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North Carolina Opioid Rule Goes into Effect May 1, 2018

—May 02, 2018
North Carolina Opioid Rule Goes into Effect May 1, 2018

By Brian Allen, VP of Government Affairs

The North Carolina Industrial Commission adopted opioid prescribing guidelines effective May 1, 2018.  The rules are specific to care being provided to injured workers in North Carolina. Here is a summary of the more critical points of the new guidelines.  

 

 

 

 

Section .0102—Definitions

  • Acute phase defined as 12 weeks of treatment following accident of injury or following aggravation of injury
  • Chronic phase defined as the continued treatment of pain following the 12 week acute phase using a targeted medication
  • Presumptive urine drug test means an initial urine drug test that identifies negative specimens and presumptive positive specimens, and is interpreted through visual examination.
    • Examples include dipstick tests and drug test cups.
    • A health care provider who is providing pain management treatment in the chronic phase to an employee may administer a presumptive urine drug test that is qualitative and interpreted or analyzed with instrumental or chemical assistance if the health care provider believes, in his or her medical opinion, that a more sensitive presumptive urine drug test is appropriate and is likely to reduce the need for a confirmatory urine drug test.
  • Confirmatory urine drug test means a definitive urine drug test that verifies the results of a urine drug test. A confirmatory urine drug test identifies individual drugs and drug metabolites.
    • Health care providers shall use a confirmatory drug test for the lowest number of drug classes necessary based on the results of the presumptive urine drug test, not to exceed 21 drug classes.
  • Targeted controlled substance means any controlled substance included in G.S. 90-90(1) or (2) or G.S. 90-91(d).  (click on statute citation and refer to paragraph indicated to see lists) 

Section .0200—First Prescription in Acute Phase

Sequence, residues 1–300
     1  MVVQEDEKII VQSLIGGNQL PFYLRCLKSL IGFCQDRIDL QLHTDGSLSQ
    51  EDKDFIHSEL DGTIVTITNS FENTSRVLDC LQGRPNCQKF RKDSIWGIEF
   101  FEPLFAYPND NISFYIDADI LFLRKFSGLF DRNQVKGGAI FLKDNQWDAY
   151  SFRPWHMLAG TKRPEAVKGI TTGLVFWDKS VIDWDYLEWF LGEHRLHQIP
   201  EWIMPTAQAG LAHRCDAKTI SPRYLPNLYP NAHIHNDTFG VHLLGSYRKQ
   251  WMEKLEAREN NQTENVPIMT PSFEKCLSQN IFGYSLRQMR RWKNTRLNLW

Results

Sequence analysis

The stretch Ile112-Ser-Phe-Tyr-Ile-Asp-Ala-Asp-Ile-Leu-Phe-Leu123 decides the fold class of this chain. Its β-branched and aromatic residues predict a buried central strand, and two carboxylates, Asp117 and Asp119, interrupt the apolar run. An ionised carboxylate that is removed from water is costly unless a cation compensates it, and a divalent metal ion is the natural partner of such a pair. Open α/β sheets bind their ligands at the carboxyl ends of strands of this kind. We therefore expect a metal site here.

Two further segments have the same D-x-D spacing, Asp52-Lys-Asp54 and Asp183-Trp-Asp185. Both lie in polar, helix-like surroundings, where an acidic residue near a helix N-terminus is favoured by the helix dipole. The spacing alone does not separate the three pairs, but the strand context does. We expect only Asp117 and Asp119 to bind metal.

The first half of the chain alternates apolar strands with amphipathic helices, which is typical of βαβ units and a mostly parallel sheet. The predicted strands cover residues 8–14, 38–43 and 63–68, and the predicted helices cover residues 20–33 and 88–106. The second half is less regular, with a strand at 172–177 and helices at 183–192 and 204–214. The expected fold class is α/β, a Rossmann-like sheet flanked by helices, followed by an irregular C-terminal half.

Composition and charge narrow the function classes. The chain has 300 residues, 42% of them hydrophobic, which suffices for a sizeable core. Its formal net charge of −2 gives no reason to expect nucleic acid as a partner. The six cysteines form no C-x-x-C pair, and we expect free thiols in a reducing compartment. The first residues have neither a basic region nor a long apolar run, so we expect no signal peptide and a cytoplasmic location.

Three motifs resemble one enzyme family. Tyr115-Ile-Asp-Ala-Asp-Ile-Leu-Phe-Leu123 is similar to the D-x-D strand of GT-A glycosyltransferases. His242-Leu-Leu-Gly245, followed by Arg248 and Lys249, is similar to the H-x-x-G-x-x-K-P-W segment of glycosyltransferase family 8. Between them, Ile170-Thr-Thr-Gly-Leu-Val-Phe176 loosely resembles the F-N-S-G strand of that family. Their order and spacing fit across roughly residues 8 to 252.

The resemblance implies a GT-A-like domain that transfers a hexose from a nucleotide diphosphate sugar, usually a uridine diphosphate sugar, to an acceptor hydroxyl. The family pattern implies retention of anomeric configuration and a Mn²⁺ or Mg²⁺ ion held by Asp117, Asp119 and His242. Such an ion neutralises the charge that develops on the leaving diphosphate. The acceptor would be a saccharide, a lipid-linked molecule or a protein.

(This section does not apply if injured worker had been treated with an opioid for 12 weeks immediately preceding the effective date of the rule.)

  • Physician must document that non-pharma pain treatment is not appropriate or was tried and failed
  • Physician should prescribe fewest possible days of a targeted medication, but no more than 5 days supply
  • Can only prescribe 1 targeted medication for 1st prescription
  • Physician should prescribe lowest possible MED not to exceed 50 MED
  • Limits use of transcutaneous, transdermal, transmucosal, or buccal opioid preparations unless physician can demonstrate oral options did not work
  • No fentanyl prescriptions allowed in acute phase
  • No benzodiazepines allowed in acute phase
  • No carisoprodol allowed in the acute phase if another targeted medication is prescribed
  • If injured worker is receiving carisoprodol or a benzo from another prescriber, must inform patient of potential risks and inform other prescriber of the new prescription
  • Prior to prescribing a targeted medication, physician must check Controlled Substance Reporting System (CSRS) for use of targeted medications over the prior 12 months

 
Section .0202—Subsequent Prescriptions of Targeted Medication in Acute Phase

  • Physician should not prescribe more than 1 targeted medication at a time during acute phase
  • Physician should prescribe fewest possible days of targeted medications
  • Physician should prescribe lowest MED not to exceed 50 MED of a short-acting opioid, but may prescribe 50-90 MED after medical justification
  • If a physician wants to prescribed a targeted medication beyond 30 days, the following requirements must be met:
    • Must use a drug risk screening tool
    • Must initiate a presumptive drug screening test
      • If positive for non-prescribed drugs or negative for prescribed drugs, physician may order confirmatory drug test
      • Document test results
    • Must document medical necessity for going beyond 30 days
  • Limits use of transcutaneous, transdermal, transmucosal, or buccal opioid preparations unless physician can demonstrate oral options did not work
  • No fentanyl prescriptions allowed in acute phase
  • No benzodiazepines allowed in acute phase